P.M.A

When I had my daughter in 2012 there was funk all out there that spoke to how I felt about motherhood. The loss of identity, the guilt about wanting something that was just about me, the mind-numbing boredom of spending time with a small person whose conversation skills were akin to a snail’s – all slime and slow movements – were not spoken of anywhere, and it was easy to think I was the only one finding it all a bit shit.

These days, however, the internet is positively saturated with “mummy-bloggers” keen to share minor, but mildly embarrassing, mishaps such as the time they dropped a (plastic) bike on the baby’s head, or took the three year old to the shop for a treat where she asked the man behind the counter for “brown balls” (Malteasers). And, as far as I am concerned, this “Honest Parenting” movement is no bad thing.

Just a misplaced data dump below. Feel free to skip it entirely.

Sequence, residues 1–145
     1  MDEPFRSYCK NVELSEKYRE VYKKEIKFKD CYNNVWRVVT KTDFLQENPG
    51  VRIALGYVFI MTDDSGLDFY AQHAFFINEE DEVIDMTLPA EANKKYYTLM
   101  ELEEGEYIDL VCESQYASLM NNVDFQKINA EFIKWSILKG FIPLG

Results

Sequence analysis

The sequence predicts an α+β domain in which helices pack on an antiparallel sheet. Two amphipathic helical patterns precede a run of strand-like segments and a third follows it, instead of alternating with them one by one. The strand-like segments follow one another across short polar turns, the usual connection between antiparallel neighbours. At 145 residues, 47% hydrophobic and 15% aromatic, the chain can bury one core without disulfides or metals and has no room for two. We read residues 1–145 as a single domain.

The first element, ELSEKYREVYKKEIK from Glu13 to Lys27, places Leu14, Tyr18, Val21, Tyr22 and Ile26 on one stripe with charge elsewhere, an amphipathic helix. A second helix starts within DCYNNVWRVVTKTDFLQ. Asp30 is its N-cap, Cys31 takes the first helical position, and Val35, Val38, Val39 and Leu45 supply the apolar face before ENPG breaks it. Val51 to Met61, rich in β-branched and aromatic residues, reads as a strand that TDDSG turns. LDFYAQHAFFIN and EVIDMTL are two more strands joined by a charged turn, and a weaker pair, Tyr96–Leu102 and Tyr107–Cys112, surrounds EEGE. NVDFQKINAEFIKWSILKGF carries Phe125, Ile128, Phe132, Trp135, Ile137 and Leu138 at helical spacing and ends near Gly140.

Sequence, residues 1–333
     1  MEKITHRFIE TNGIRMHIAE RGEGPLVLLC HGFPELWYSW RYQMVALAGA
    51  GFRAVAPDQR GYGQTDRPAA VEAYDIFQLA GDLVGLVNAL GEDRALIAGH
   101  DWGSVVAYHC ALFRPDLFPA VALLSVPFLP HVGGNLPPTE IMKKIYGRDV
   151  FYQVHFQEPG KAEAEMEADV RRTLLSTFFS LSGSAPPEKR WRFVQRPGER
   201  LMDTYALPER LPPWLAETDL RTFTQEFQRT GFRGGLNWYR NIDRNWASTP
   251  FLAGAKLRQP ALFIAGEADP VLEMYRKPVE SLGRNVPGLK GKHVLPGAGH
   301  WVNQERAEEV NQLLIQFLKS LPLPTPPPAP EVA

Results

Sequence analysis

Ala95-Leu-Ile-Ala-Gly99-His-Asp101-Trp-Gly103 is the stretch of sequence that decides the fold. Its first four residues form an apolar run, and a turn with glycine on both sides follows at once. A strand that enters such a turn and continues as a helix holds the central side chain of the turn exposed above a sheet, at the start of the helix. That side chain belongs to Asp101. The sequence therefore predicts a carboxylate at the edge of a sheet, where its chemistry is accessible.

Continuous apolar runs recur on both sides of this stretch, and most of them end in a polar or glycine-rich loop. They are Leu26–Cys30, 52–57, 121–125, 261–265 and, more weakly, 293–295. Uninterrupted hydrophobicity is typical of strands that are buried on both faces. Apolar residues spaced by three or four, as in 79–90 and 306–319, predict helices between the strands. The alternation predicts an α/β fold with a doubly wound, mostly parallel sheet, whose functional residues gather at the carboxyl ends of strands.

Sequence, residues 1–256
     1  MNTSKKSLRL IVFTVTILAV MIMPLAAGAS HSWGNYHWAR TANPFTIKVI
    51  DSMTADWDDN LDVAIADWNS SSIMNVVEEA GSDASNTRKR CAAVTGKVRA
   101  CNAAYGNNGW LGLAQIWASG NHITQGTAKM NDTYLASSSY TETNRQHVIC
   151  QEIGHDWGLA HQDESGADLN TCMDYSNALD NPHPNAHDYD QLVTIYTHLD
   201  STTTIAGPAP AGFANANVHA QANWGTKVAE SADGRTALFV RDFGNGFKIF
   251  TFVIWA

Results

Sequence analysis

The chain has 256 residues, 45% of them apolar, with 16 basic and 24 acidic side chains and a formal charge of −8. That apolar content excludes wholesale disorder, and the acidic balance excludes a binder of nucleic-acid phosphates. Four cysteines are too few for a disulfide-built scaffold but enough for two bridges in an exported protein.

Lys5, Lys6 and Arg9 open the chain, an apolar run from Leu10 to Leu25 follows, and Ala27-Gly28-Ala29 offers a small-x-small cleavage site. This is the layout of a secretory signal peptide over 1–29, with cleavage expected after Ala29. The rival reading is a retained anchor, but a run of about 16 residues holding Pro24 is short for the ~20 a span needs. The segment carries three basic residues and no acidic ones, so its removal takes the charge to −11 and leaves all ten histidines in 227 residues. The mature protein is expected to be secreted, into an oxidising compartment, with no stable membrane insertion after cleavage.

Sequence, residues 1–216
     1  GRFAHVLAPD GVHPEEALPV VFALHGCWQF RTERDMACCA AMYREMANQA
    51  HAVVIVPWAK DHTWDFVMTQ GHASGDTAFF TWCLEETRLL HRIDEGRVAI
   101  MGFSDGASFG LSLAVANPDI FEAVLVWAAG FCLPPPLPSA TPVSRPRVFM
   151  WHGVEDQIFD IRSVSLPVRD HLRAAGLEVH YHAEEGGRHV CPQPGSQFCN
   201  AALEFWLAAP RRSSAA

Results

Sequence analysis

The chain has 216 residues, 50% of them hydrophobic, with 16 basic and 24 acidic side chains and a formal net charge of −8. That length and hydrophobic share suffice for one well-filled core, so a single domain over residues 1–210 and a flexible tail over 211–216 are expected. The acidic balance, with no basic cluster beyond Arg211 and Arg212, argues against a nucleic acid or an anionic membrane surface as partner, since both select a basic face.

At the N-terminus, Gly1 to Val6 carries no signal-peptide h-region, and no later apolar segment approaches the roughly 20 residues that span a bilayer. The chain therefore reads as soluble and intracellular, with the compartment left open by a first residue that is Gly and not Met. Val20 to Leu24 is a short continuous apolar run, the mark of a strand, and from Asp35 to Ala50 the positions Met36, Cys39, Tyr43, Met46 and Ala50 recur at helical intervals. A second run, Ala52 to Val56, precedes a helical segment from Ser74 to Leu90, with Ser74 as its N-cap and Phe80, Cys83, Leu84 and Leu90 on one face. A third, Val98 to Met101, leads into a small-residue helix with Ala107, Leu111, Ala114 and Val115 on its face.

BUT, if you were at the start of your journey into parenthood – planning pregnancy, mid-pregnancy, or just about to drop the baby-bomb in the middle of your life, what would you be thinking about all of this “honesty”. Is it in danger of being a bit, well, negative?

It’s fair to say that while I try to write about owning and caring for small people with what I see as a healthy dash of humour, my posts do tend to err on the “when shit goes wrong” side of the parenting scale. So, with one eye on not terrifying new mums or mums-to-be who might be reading, this is a post about the positives of parenting. I admit this doesn’t really come naturally but, here goes: